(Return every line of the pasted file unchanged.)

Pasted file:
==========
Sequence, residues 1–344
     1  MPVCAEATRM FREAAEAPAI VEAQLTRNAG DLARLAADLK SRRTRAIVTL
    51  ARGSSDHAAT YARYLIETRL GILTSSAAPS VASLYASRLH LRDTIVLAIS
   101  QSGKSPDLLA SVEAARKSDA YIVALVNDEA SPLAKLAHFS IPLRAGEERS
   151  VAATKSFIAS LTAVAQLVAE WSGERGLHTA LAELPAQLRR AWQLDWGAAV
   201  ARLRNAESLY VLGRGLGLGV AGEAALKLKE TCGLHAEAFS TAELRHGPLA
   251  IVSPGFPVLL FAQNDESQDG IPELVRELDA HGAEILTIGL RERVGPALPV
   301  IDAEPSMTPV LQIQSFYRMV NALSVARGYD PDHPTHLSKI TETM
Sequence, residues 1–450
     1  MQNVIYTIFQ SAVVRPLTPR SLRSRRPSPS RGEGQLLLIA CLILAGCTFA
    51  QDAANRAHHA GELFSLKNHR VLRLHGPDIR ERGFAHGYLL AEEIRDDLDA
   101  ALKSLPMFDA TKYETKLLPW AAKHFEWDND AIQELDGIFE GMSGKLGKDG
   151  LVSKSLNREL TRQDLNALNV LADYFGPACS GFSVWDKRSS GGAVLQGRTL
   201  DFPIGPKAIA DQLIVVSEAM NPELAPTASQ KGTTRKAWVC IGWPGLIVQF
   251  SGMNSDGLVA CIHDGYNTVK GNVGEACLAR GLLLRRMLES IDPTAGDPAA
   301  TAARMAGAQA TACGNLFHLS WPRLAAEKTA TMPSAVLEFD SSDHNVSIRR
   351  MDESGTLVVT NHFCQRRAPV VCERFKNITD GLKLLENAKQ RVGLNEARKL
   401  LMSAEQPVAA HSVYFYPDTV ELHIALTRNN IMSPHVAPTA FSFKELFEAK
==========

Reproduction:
Sequence, residues 1–344
     1  MPVCAEATRM FREAAEAPAI VEAQLTRNAG DLARLAADLK SRRTRAIVTL
    51  ARGSSDHAAT YARYLIETRL GILTSSAAPS VASLYASRLH LRDTIVLAIS
   101  QSGKSPDLLA SVEAARKSDA YIVALVNDEA SPLAKLAHFS IPLRAGEERS
   151  VAATKSFIAS LTAVAQLVAE WSGERGLHTA LAELPAQLRR AWQLDWGAAV
   201  ARLRNAESLY VLGRGLGLGV AGEAALKLKE TCGLHAEAFS TAELRHGPLA
   251  IVSPGFPVLL FAQNDESQDG IPELVRELDA HGAEILTIGL RERVGPALPV
   301  IDAEPSMTPV LQIQSFYRMV NALSVARGYD PDHPTHLSKI TETM
Sequence, residues 1–450
     1  MQNVIYTIFQ SAVVRPLTPR SLRSRRPSPS RGEGQLLLIA CLILAGCTFA
    51  QDAANRAHHA GELFSLKNHR VLRLHGPDIR ERGFAHGYLL AEEIRDDLDA
   101  ALKSLPMFDA TKYETKLLPW AAKHFEWDND AIQELDGIFE GMSGKLGKDG
   151  LVSKSLNREL TRQDLNALNV LADYFGPACS GFSVWDKRSS GGAVLQGRTL
   201  DFPIGPKAIA DQLIVVSEAM NPELAPTASQ KGTTRKAWVC IGWPGLIVQF
   251  SGMNSDGLVA CIHDGYNTVK GNVGEACLAR GLLLRRMLES IDPTAGDPAA
   301  TAARMAGAQA TACGNLFHLS WPRLAAEKTA TMPSAVLEFD SSDHNVSIRR
   351  MDESGTLVVT NHFCQRRAPV VCERFKNITD GLKLLENAKQ RVGLNEARKL
   401  LMSAEQPVAA HSVYFYPDTV ELHIALTRNN IMSPHVAPTA FSFKELFEAK